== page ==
Growing up in the 80s and 90s, my TV was always on with the classic action movies of the time. We’re talking The Terminator and T2 (before the franchise turned to trash), Lethal Weapon 1-3, Commando, and Predator. The list goes on and on, and it’d be a lie to say those didn’t influence my passion for shooting.
Of all the accessories of the era, nothing was cooler than watching the hero spin a silencer onto their iron and do the work of saving the day. Integrally suppressed MP5? Superhero bonus points.
Of course, real-world applications aren’t usually as glamorous as the movies.
Operators use a suppressor not to be discreet but instead to not blow out their eardrums, clearing a room. Hunters need to be able to hear a twig branch, so they shoot without their ears on. A suppressor gets them a lot closer to a safe noise level instead of an unsuppressed high-power rifle.
Let’s find out the difference between a silencer and a suppressor, what they are well suited for, and what you need to own one.
What’s The Difference In A Silencer Vs. A Suppressor
Functionally, there is no difference because they are not different things. They are just different names.
Technically speaking, though, a silencer is not altogether honest or accurate. No suppressor can completely silence a gunshot; some can only close the shot to safe levels.
Does The Name Matter?
No, the name doesn’t really matter that much. Like the sound of ‘silencer?’ Go with it. Suppressor is what they mostly go by, but muffler is alright, too.
A History Of Silencers
The idea of toning down the volume of gunshots is not anything new. The NRA wrote an outstanding piece on the history of suppressors, so we’ll let them speak for themselves. But it should be said that developing machine guns and suppressors was a family affair; Hiram Percy Maxim built the first successful, commercially available silencer, and his dad built the first portable machine gun.
Unfortunately, despite the undeniable strengths of using a device to suppress the dangerous noise levels of all firearms, the Federal Government felt it necessary to regulate these devices under the National Firearms Act of 1934.
The $200 tax stamp pretty much shut down any advances in the mechanics of suppressor technology. Yes, the tax stamp has stayed the same price since 1934. And yes, $200 represented a LOT more money in 1934 than it does now. Not that it is paltry now; $200 is $200.
But back then, $200 equals roughly $4,539.21, according to the U.S. Inflation Calculator. While this is not exact, it is probably pretty close. I don’t know about you, but I don't have that sort of cash to put toward paperwork. Even if I did, I wouldn’t want to.
Where Does the Term Come From?
The name silencer was just a sales tactic. High-powered rifles are so notoriously loud that anything to reduce the sound levels could be considered a silencing function, so the name silencer more or less stuck.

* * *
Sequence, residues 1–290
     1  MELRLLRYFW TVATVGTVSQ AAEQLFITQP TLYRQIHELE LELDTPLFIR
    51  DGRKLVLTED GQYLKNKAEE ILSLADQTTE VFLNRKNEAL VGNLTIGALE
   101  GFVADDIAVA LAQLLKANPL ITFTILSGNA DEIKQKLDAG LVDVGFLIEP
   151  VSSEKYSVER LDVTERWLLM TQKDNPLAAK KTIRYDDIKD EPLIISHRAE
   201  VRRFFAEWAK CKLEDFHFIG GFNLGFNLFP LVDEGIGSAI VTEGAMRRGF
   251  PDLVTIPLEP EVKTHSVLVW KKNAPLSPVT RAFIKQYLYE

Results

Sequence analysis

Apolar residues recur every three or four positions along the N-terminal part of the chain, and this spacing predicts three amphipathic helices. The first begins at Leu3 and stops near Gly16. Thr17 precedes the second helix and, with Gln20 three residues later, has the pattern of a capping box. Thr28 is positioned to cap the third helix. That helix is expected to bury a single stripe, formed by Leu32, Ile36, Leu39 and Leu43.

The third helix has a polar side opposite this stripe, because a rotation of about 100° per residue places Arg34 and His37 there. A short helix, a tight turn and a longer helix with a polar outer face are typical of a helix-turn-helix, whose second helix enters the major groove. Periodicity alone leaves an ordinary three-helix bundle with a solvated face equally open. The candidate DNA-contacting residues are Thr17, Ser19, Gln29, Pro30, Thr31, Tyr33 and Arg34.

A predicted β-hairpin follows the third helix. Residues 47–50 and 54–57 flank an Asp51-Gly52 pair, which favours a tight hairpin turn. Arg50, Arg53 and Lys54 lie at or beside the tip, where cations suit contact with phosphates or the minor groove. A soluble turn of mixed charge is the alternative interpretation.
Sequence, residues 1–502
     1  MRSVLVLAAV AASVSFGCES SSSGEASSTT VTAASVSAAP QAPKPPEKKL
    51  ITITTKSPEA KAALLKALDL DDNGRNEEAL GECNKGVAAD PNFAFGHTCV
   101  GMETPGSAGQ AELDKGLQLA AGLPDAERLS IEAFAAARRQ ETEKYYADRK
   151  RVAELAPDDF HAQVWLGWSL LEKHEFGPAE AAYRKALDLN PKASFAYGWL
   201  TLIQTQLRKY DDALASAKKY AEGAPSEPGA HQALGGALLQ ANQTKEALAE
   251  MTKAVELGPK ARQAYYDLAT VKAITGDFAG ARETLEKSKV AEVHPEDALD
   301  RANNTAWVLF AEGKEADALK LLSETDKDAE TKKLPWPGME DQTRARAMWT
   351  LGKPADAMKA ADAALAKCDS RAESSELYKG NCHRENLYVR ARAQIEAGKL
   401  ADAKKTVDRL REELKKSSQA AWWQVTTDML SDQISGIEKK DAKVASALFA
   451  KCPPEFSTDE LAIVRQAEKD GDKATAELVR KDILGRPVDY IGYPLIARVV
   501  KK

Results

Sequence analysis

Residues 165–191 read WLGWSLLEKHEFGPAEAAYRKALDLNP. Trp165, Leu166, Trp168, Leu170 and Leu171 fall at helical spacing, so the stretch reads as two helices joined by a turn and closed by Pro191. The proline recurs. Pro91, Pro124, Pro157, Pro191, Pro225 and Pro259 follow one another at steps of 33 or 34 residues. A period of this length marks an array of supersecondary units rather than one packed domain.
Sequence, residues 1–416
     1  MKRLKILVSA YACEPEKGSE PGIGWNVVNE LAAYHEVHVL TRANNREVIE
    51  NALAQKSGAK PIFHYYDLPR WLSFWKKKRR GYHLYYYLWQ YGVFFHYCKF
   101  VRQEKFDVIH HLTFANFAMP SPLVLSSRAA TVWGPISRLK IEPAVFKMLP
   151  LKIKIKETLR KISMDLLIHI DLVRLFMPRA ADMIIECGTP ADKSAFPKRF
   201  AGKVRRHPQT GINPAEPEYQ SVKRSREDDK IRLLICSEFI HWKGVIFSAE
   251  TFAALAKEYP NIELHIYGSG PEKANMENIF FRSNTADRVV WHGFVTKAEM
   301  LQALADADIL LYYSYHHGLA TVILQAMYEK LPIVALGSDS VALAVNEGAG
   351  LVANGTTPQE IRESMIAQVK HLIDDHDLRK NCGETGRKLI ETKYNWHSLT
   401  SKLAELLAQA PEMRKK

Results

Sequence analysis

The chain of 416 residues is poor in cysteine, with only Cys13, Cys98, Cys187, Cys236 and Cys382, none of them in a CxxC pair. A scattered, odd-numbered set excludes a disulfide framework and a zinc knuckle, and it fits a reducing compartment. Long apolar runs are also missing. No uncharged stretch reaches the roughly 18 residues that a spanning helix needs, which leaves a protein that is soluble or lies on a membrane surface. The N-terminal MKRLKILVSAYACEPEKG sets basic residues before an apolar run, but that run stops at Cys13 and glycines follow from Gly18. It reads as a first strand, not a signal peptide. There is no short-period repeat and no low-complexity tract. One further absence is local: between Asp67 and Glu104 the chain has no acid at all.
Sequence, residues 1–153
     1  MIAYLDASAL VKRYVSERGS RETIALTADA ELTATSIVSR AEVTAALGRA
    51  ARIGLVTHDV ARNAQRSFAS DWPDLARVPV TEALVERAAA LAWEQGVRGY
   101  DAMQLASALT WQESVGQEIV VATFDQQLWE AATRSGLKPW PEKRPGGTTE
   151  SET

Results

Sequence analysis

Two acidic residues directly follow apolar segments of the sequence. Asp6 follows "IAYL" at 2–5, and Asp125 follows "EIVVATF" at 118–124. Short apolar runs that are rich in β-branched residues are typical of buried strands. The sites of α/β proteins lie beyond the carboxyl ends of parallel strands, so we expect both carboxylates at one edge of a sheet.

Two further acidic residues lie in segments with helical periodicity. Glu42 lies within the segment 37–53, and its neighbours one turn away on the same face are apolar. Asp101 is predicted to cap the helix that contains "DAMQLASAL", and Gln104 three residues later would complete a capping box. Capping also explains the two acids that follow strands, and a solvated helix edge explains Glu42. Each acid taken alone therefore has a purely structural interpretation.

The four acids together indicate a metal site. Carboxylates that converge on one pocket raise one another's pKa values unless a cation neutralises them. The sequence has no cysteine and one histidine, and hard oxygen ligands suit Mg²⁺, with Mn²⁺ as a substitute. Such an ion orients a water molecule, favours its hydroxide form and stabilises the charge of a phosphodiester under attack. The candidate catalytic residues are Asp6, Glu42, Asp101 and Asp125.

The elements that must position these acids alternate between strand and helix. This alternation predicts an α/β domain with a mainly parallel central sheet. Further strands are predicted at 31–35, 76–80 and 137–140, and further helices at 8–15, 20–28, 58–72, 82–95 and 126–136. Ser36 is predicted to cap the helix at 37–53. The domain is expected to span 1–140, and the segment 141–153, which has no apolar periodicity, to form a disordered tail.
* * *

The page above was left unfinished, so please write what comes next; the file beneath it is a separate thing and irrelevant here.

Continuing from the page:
Again, silencers, or suppressors as you want to call them, have gone for decades with no considerable design changes.
They still more or less resemble an aluminum or steel can, and if you were to cut one open, you would find it full of baffles to reduce muzzle flash and reduce the sound of the report.
But mostly, it was a sales tactic. Silencer has a better ring to it than a suppressor because it brings to mind that you were actually silencing the sound, which you are not.
Really, the best that you can hope for is to take it down to safe hearing levels to where you don’t need to wear your protection all the time. In tactical situations, it gives a significant advantage to go safely without protection and hear your team members and leader.
Suppressor Legal Requirements
Firearm suppressors fall under the national firearms act of 1934. They are Class III weapons that require a $200 tax stamp to buy one legally.
Beyond the inconvenience of paying an extra $200 for an item that’s already costing you hundreds of dollars, call them, and you will spend months waiting on the ATF to process your request.
We don’t make the rules; that’s just how it is.
Most of you already know this, but it’s a separate tax stamp for every national firearms act item on your weapon, so if it’s a short-barrel rifle, that’s one tax stamp; if it’s fully automatic, that’s another tax stamp, and, of course, if you run a suppressor, that’s another tax stamp.
We aren’t here to tell you what to do with your money, but if we were to pick a single thing to get a tax stamp on, it would have to be a sound suppressor for your rifle or pistol, especially if you have an AR-15 pistol, which can be absolutely deafening.
We have determined that there is no technical difference between a silencer, a suppressor or a muffling device.
They are all just variations of the same thing: a battle device that seriously reduces the muzzle, flash, and report of a gunshot.
Fortunately, there are sound suppressors for all sizes of firearms, and some are much more effective than others. Pistol calibers are much easier to make substantially quieter than high-powered rifle calibers, which is mostly to do with subsonic versus supersonic munitions.
A .22 Long Rifle suppressor is the closest thing you’re going to get to silent; these are extraordinarily quiet. Our rimfire options are great paired up with suppressors such as our pistol caliber carbines in 9mm Parabellum, 45 ACP, and 10mm.
Whatever you want to call it whether it’s a silencer or a suppressor, these devices are an excellent investment in your overall health. You only get one set of ears and need to save them and preserve your hearing.
Sound suppressors pair wonderfully with our entire line of rifles, especially a .300 Blackout with subsonic ammo paired up with a sound suppressor or a threaded barrel for your Glock to run a suppressor on your Glock pistol. And, of course, our classic 5.56 AR-15s are a natural fit for various suppressors.